Correcting in Adobe® Camera Raw
What I want to do next is talk to you about correcting your images in camera raw Plug in. So this is you can open other file types of images in the camera. Raw plug in It is easiest to open them in to open actual raw images. That's where you going to get the most kind of benefit out of correcting in programs like camera raw or light room. So what I've given you in the exercise files are too raw. Files have not yet been converted into a J peg, and we're just going to finish out the day with correcting in camera. Rocket is great to do a side by side comparison with what we just had to trot through to correct and elements, which is those levels adjustments rather than how you could do it in camera raw someone to go ahead and open at this image. I'm gonna drag it into the elements workspace. When I do elements is gonna open it. Its version of the camera raw plug in which, as we already talked about at the top of the day, lacks some of the tools that you'll find in the develop module of whi...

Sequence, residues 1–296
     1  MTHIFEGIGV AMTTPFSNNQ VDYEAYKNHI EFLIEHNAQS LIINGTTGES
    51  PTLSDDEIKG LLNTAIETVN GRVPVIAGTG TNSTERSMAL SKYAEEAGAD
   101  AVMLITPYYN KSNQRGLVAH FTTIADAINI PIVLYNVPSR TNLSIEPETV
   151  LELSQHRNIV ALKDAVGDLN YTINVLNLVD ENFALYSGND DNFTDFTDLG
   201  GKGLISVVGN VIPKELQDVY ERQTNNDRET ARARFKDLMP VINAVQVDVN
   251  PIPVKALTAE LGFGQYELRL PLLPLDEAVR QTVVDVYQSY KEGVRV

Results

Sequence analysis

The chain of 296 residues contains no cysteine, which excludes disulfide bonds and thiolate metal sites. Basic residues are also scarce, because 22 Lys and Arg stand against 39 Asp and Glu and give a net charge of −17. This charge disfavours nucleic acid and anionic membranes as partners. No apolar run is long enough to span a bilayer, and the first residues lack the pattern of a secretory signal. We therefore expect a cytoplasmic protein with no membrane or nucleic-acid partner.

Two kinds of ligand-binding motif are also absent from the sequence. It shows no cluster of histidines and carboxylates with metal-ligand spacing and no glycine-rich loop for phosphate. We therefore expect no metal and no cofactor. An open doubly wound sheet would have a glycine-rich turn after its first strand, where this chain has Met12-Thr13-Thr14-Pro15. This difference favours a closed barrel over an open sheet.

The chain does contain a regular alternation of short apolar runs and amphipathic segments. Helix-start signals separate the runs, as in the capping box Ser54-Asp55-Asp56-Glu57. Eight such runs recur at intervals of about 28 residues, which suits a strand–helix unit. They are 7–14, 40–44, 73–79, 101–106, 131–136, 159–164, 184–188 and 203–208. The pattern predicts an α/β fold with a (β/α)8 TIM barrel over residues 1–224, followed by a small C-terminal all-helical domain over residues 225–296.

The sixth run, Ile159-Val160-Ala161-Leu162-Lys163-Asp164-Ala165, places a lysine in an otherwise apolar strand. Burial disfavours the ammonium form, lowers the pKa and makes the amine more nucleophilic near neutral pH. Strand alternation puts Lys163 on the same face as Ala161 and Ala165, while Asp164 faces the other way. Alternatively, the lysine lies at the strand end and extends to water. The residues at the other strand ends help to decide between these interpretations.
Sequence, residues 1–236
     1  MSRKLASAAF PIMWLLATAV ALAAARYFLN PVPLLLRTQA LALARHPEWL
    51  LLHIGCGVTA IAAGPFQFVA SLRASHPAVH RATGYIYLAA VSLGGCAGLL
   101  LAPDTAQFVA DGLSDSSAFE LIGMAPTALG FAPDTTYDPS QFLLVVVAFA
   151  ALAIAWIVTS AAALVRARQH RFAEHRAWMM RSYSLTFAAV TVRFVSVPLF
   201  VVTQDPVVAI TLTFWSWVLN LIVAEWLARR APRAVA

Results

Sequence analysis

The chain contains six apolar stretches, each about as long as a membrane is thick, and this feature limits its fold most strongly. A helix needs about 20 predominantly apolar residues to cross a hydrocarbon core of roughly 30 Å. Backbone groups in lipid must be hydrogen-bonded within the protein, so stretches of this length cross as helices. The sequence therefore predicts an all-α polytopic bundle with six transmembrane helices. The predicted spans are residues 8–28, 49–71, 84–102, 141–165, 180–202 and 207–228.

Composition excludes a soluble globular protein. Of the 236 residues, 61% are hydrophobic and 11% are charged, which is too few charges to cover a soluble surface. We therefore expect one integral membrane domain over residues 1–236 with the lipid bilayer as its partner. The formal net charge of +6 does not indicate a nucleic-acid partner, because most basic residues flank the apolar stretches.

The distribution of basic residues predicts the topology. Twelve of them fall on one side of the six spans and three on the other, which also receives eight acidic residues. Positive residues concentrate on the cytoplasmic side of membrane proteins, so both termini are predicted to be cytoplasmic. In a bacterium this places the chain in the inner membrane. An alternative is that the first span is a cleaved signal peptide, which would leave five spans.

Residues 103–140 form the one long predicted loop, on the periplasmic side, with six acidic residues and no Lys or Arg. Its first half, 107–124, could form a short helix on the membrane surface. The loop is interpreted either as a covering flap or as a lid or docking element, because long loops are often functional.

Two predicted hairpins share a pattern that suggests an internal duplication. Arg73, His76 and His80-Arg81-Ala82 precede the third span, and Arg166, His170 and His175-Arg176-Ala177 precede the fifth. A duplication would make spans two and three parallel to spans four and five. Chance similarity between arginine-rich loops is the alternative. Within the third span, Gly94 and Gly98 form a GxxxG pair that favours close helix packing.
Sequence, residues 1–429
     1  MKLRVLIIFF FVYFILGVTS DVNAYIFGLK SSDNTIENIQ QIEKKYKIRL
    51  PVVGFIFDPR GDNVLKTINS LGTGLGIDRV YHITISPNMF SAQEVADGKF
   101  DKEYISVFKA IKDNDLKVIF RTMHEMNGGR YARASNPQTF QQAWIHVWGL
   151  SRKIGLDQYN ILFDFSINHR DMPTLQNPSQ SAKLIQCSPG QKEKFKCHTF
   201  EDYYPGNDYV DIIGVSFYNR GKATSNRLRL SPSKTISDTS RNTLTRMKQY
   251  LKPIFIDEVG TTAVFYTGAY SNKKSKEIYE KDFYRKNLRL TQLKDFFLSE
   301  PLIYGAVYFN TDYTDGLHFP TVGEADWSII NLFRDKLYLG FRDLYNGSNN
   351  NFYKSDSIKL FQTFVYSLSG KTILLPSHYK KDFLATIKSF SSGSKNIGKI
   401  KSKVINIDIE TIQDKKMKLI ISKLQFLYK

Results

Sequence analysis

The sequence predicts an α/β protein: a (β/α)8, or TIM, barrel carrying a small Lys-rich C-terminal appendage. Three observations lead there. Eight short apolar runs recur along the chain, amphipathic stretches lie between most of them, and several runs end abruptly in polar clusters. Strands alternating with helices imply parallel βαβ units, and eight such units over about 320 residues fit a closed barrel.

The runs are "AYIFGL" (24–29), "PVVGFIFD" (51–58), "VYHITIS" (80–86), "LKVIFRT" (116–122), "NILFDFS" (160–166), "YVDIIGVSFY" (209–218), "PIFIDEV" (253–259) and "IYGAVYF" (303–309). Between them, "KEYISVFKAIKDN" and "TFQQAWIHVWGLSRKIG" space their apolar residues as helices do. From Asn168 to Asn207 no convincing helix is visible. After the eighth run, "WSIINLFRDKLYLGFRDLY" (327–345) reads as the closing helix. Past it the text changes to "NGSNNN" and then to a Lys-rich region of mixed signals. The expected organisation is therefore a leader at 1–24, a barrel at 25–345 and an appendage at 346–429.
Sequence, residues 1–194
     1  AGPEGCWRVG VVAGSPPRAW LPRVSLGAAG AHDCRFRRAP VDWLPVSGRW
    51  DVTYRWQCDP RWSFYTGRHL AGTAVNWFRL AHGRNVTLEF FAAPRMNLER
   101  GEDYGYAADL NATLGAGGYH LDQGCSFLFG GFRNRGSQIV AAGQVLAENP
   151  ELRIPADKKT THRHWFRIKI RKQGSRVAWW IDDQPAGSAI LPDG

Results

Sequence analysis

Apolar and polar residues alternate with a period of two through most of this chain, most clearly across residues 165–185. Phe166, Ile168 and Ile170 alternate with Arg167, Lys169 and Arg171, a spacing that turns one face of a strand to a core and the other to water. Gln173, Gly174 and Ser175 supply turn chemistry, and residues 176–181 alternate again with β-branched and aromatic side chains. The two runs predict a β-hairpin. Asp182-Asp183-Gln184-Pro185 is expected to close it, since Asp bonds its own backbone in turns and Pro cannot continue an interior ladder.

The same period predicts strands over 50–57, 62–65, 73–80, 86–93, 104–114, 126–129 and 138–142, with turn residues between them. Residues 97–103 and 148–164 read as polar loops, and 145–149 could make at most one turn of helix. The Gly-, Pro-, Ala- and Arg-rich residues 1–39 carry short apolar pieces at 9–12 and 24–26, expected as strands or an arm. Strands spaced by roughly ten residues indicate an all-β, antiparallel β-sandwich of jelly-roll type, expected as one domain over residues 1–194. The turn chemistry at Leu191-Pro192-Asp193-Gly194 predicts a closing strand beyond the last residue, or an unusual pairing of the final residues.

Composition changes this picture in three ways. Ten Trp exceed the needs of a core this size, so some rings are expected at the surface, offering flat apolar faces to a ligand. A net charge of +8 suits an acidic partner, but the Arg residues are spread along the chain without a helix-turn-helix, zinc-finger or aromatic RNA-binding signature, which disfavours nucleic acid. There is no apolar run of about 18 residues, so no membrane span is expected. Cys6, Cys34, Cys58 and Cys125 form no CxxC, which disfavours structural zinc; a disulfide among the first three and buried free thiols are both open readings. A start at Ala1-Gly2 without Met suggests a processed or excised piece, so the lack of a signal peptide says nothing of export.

te room or in the camera raw plug in that you get when you install Photoshopped CC. So this is our beautiful little kitty, Miss Bootsy. She has since gone on two key heaven. She's a sweet girl, so you can zoom in and out and the camera roll window, just like you can in elements. So command minus zooms out command or control plus zooms in. You've got a nice preview button that Pierce. When we begin making changes, we can toggle that off and on to see a nice before and after. So let's go ahead and take a look. We've got a hist a gram here, just like we saw over and elements except for Kamerad doesn't really great job of showing us the individual history arms, even though there's kind of a composite, you see how each channel differs by looking at its different colors. So how do you start out with this? Well, if your images really in raw format and you do that in camera, you might want to start out with trotting through the different white balance settings. Now this particular poppet menu cannot be changed on a J peg. If you I'm not even sure how you would open a J peg in Elements version of camera raw, but perhaps it can be done. You can open other file formats in photo shops version of camera raw, but nevertheless, with raw images, you can reset the white balance, which is just you telling the camera what color the light should be or what color the light is. You can reset that in post here in camera, raw or in light room, so if you get it wrong in camera, you can fix it here. I'm really good about doing that. I get so excited. I'm shooting, shooting, shooting outside and I run in somewhere and I shoot. And then I important the image and it's like blue. But since I'm shooting in raw, I can always fix that here. So watch how the color of this image I'll zoom in a little bit. Watch how the color of this image changes as I'm changing the color of the light source so one of these will look better to you. Definitely not that one. One of those will look better in the other one to your eye. I actually think the one with flash looks a little bit better than someone. Let's say we're happy with that. You can further fine tune the color of light by using the temperature slider. We can go more towards yellow to warm it up or more towards blue to cool it off depending upon what you like the look of. And then you can further refined that More towards magenta are more towards green with those sliders. So, so far easy peasy, right? We've got a pop up menu and we've got sliders. Yeehaw! So now we've got a little scroll bar over on the right so we can cruise down and see all the other kinds of adjustments we can make. And this is the basic panel of light room. Now, before you start making exposer changes, which is really gonna lighten or darken your image, I want to do two things. I want you to tap the U key on your keyboard for under exposed. That's going to turn on your shadow clipping warning. Not sure if you can see this on screen, but as I tapped that Yuki, see how you get a white outline around that little triangle when you have that outline. That means that that clipping morning is turned on what is clipping Well, if you make an exposure change that pushes your shadow pixels to pure black, then that's clipping. Do pure black pixels have any detail in them? New. So you really don't want to push your shadows to be full on black? Ah, far more, more troublesome Problem is pushing your highlights to pure. Why? Because there's typically more detail in the highlights, and there is in the shadows of your image, so pressing. The U key turns on the under exposed warning. Right, your shadow warning pressing the Okeafor overexposed turns on your highlight clipping. Morning. We're turning on those warnings so that as we start making exposer changes down here that areas that are being clipped will show up in either a bright red or bright blue. So turning on those warnings before you start messing with these controls is very important, especially if you're selling the image or submitting it for stock. So with those warnings, turn on. If I drag my exposure sliders to the right toe lighten, see how the areas that are being clipped or now showing up in red so wherever that red overlays appearing. I'm pushing those pixels to pure white, so I'm completely screwing up all the detail that was there. So that's why it's important. Turn these warnings on so you can see that happening now if I drag my exposure slider to the left. Eventually I will start clipping shadows in those areas. We'll start showing up in blue. You can see a few of them there, so just keep an eye on him. I always worry more about the highlights than the shadows, but turning those clipping warnings on really can a save you from going too far with these changes down here. But even if you do go too far, let's say that I, for whatever reason, just for the sake of demonstration purposes, I really like the way that looks right there. Can you recover any of that loss detail that you're losing due to clipping? Absolutely. If the if you're getting clipping in the highlights and you want to come down here to the white slider and you're gonna drag it to the lift and then I'll bring back recover detail in those highlights if you have pushed the exposure to such a point that you're getting clipping in the shadows. You're gonna trot down here to the black slider, and you're going to drag it to the right toe, lighten them up just a little bit. Now, how do I know which direction to drag? What slider will look at? The gray scale bar that's underneath each slider gives you an indication of what's gonna happen to your image, depending on which direction you drag. So the exposure slider. See how the slider itself gets darker to the left than it does to the right. Well, if you want a dark and drive to left, you want to lighten drag to the right. The contrast. Slider. Look how there's far more difference between areas of high contrast in the slider toward the right. Then there is towards the left. Well, if you want to increase contrast, you're gonna drag that to the right. You want to decrease contrast, you're gonna drag that to the left. So list. Let's give some Miss Bootsy some more contrast here. Now, if I've still got highlights in my image that are too light or too dark, we can fix that with a highlight slider. So if I drag the slider to the lift, look how that slider itself begins to turn gray. If I drag it to the left, my highlights burger and darken. And on Lee, my highlights not my shadows, not my mid tones on Lee. My highlights. You've got the same kind of control with shadows. Here, the shadows slider gets darker toward the left side, lighter to the right side. If you're shadows are a little too dark, drag the slider to the right toe, lighten them up wherever they appear in your image. If your shadows are a little too light, drag the slider to the left, darken them up wherever they appear in your image, all the while watching out for any areas of bright red or bright blue. That air resulting from clipping. Now, once you get those sliders, all set. If you still have a little bit of clipping going on the highlights. That's when you're gonna drag that white slider, which direction it gets darker to the left lighter. The right clipping is highlights that have been pushed to pure quiet, so you obviously wanted dark in them so you can drag that to the left until you get rid of those clipping mornings. Same thing with the shadows. So now let's take a peek at the before and after ever image before. After now we're gonna come down here to the Clarity slider, which really just increases contrast in the mid tones. So we're going to click and drag that to the right to really bump up the contrast. If we want to make our colors pop a little bit, we can drive the vibrant slider to the right. We really don't need to do that in this image, but if we did, things would get really intense. Ah, vibrant cider is fabulous because it tends to leave areas, uh, better already pretty highly saturated in color alone. So it will pump up the intensity of colors that aren't already saturated. And it leaves skin tones alone, which is great, whereas a saturation cider that I hardly ever use just saturates everything. So that is how easy it iss to correct your images in camera raw in light. And that's why everybody is falling in love head over heels with light room because, I mean that is so easy. And look at the control that we had, you know, in Onley, affecting our shadows versus our highlights. Or on Lee, you know, affecting contrast in the midterms with clarity and being able to change the color of the light source with our white balance slider. So now let me zoom back out and take a look at the preview. You can also toggle this preview box on and off by pressing the peaky p for preview. So here's our before and here's our after my opinion, a lot, lot better image. So that's just a little ditty on using camera. Wrong. I do have a full day on using photo shops version of camera, raw as a deep dive, but over here in elements were lacking a few controls. But my gosh, I can't think of a better commercial for using camera or light room. Yeah, I think we were talking about it just in the break about trying to add some link extra classes to this one. And I think the adobe camera raw came up as well as the blend modes Deep dive that you were thinking that would be a nice addendum. Additions. Yeah, because we've got the same blend modes except for two that you'll never use anyway. In elements as you do in Photoshop, you've also got this nearly the same set of filter so that filters Deep Die would also be a great companion class, along with the selections Deep dive because you've got the same selection, tools and elements as you doing photo shop.